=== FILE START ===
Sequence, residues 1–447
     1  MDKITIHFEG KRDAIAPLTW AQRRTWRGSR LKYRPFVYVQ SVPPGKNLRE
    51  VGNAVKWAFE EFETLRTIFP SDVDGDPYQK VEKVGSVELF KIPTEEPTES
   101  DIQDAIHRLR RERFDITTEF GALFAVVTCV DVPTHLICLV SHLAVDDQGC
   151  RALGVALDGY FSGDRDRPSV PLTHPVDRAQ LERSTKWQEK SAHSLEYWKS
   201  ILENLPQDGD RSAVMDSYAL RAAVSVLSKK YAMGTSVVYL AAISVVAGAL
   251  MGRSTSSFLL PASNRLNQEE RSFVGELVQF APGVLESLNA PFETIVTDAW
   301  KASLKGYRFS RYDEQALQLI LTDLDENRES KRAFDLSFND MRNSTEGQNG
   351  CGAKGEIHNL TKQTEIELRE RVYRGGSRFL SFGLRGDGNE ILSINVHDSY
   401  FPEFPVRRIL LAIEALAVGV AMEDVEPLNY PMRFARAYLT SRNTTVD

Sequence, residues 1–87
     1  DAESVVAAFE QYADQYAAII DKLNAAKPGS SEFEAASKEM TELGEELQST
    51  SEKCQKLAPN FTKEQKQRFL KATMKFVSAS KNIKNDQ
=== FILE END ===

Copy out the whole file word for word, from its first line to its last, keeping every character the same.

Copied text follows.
Sequence, residues 1–447
     1  MDKITIHFEG KRDAIAPLTW AQRRTWRGSR LKYRPFVYVQ SVPPGKNLRE
    51  VGNAVKWAFE EFETLRTIFP SDVDGDPYQK VEKVGSVELF KIPTEEPTES
   101  DIQDAIHRLR RERFDITTEF GALFAVVTCV DVPTHLICLV SHLAVDDQGC
   151  RALGVALDGY FSGDRDRPSV PLTHPVDRAQ LERSTKWQEK SAHSLEYWKS
   201  ILENLPQDGD RSAVMDSYAL RAAVSVLSKK YAMGTSVVYL AAISVVAGAL
   251  MGRSTSSFLL PASNRLNQEE RSFVGELVQF APGVLESLNA PFETIVTDAW
   301  KASLKGYRFS RYDEQALQLI LTDLDENRES KRAFDLSFND MRNSTEGQNG
   351  CGAKGEIHNL TKQTEIELRE RVYRGGSRFL SFGLRGDGNE ILSINVHDSY
   401  FPEFPVRRIL LAIEALAVGV AMEDVEPLNY PMRFARAYLT SRNTTVD

Sequence, residues 1–87
     1  DAESVVAAFE QYADQYAAII DKLNAAKPGS SEFEAASKEM TELGEELQST
    51  SEKCQKLAPN FTKEQKQRFL KATMKFVSAS KNIKNDQ